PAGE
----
The candidate countries for EU membership must be fully in line with the European Media Freedom Act, which in the meantime needs improving, writes Antoaneta Nikolova.
Antoineta Nikolova is the director of the Balkan Free Media Initiative.
For many years, the focus of non-governmental organisations fighting for media freedom, human rights and the rule of law was away from Europe. For activists and donors, Europe, compared to authoritarian states on other continents, was a place where media freedom was taken for granted.
Seven of the top 10 places in the Reporters Without Borders media freedom index are European countries. And yet, in the last few years, it was in Europe that we witnessed a severe erosion of the media ecosystem.
In Poland, Hungary, Greece and Bulgaria, which hit the bottom of EU countries in the Reporters Without Borders Index for several years in a row, the media environment is seriously threatened, and in Slovakia and Malta, journalists were killed because of their work. The signal to the European institutions was more than evident.
“The media are essential for the functioning of our democratic societies and economies,” says the European Commission’s draft European Media Freedom Act, presented on 16 September.
The draft document sets specific goals: to harmonise national legislative frameworks, to protect the public from harmful content, including from third countries (i.a., Russia, China, etc.), to reduce the risk of state and private interference in editorial policy, as well as to ensure transparent, fair ad allocation and verified criteria of people metric agencies.
This is commendable and timely, but not enough.
Media ownership coverage rules, for example, are discretionary and voluntary.
For oligarchs in Eastern Europe, it’s like “nothing changes if nothing changes”. The total control over the media in the Balkans happened precisely thanks to the hidden media ownership, and if Europe expects them to give up their tools of influence voluntarily, then the media law will remain in the decorative sphere of wishful thinking. The same goes for advertising models and people metrics agencies, which are vital to the existence of free information and targeted advertising that most media need to survive.
Media ownership is at the core of power capture.
Media freedom cannot be solved if media ownership is not regulated.
The media in the Balkans are suffocated by the grip of political players whose hands are the “bread and the knife”. For a brief reference, it is enough to look at the analyses for the proxy owners in Bulgaria and North Macedonia, for example.
Paradoxically, countries, where the media environment is in critical condition have been more receptive to welcoming the document than champions of media freedom. That in itself is worrying.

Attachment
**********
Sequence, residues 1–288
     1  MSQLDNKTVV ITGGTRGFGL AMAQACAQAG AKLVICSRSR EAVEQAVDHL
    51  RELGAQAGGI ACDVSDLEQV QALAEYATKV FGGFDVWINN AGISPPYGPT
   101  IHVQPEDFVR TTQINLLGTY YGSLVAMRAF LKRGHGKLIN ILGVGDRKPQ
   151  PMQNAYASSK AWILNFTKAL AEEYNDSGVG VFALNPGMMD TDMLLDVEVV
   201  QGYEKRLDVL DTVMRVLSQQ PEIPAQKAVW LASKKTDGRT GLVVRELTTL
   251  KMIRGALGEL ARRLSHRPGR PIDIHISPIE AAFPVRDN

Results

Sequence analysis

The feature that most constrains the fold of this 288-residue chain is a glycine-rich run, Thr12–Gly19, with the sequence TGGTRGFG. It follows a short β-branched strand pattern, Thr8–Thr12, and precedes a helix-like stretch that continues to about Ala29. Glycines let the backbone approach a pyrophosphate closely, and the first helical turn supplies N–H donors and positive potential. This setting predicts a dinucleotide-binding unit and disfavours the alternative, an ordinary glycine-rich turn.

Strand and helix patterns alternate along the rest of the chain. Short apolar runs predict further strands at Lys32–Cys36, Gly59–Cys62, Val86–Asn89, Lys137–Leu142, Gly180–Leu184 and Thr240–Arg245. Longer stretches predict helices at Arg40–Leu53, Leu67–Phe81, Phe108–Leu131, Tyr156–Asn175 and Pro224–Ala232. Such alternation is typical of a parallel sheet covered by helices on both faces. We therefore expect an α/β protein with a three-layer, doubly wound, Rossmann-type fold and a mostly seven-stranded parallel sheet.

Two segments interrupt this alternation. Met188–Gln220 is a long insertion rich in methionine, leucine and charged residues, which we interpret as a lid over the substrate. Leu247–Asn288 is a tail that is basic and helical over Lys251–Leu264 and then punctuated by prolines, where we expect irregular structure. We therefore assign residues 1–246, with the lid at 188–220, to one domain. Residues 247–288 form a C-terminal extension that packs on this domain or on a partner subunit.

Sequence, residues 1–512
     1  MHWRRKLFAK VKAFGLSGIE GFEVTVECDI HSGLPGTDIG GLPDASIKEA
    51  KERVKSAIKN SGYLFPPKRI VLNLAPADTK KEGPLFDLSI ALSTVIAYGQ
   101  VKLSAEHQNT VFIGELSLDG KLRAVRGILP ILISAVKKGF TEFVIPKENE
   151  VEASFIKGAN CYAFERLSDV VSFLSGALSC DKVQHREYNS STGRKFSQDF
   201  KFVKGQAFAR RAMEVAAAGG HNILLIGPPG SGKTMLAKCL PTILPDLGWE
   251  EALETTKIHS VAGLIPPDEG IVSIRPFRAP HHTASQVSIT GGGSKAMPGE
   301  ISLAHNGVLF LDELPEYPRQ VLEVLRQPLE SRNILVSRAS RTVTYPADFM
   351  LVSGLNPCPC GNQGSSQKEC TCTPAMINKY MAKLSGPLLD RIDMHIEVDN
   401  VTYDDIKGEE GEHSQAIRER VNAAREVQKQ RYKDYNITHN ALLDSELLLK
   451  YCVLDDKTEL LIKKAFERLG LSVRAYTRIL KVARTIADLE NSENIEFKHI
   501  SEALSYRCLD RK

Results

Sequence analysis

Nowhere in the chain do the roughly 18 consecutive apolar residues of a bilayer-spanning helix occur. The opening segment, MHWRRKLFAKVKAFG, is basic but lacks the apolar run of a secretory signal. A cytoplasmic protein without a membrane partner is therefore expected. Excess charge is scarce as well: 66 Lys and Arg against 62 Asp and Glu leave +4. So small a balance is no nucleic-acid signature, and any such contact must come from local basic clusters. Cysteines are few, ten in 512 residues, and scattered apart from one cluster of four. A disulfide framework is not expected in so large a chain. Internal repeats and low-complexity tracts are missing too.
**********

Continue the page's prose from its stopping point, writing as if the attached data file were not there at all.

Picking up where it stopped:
The main objections to the proposed media law have come from the Baltic countries, which are considered successful enough that there is no need for Europe to meddle with them and intrude into their sovereign legislations. For Sweden, many elements to harmonise laws do not even exist in their national laws, and Estonia rates its media as healthy enough not to need a remedy.
Media freedom organisations also have mixed feelings.
EU Disinfo Lab, e.g. believes that Article 17 of the draft law could undo much of the progress made in the fight against disinformation and pave the way for further lobbying for the total exemption of the media from media content moderation.
Such objections led the EC to extend the consultation period until the end of the year. Until then, the relevant parties can express their positions, which so far timidly expressed.
For the EU member states from the Balkans, the responsibility is even more significant because their evaluations will be essential for the candidate countries for membership.
The EU must ensure that the new media law can have a positive impact in acceding countries where the deterioration of media freedom is a growing problem. In the Balkans, for example, leading media spewing misinformation undermines attitudes towards the EU in favour of Russia and China.
This is everyday life in Serbia, which has yet to progress on its 2020 media strategy or alignment with the EU’s Common Foreign and Security Policy. In fact, civil society groups and MEPs are now concerned as Serbia appears poised to grant all five of its national TV licenses to pro-Russian and pro-government media outlets.
First of all, the EU should oppose Serbia’s non-transparent process for granting these licenses.
Equally important for long-term stability, the EU should make the alignment of local legislation with European media law a condition for progress in accession negotiations and freeze funding if clear progress is not made. A free media is the cornerstone of democracy, and the EU must find a way to use its new law to support its neighbours where democracy is under threat.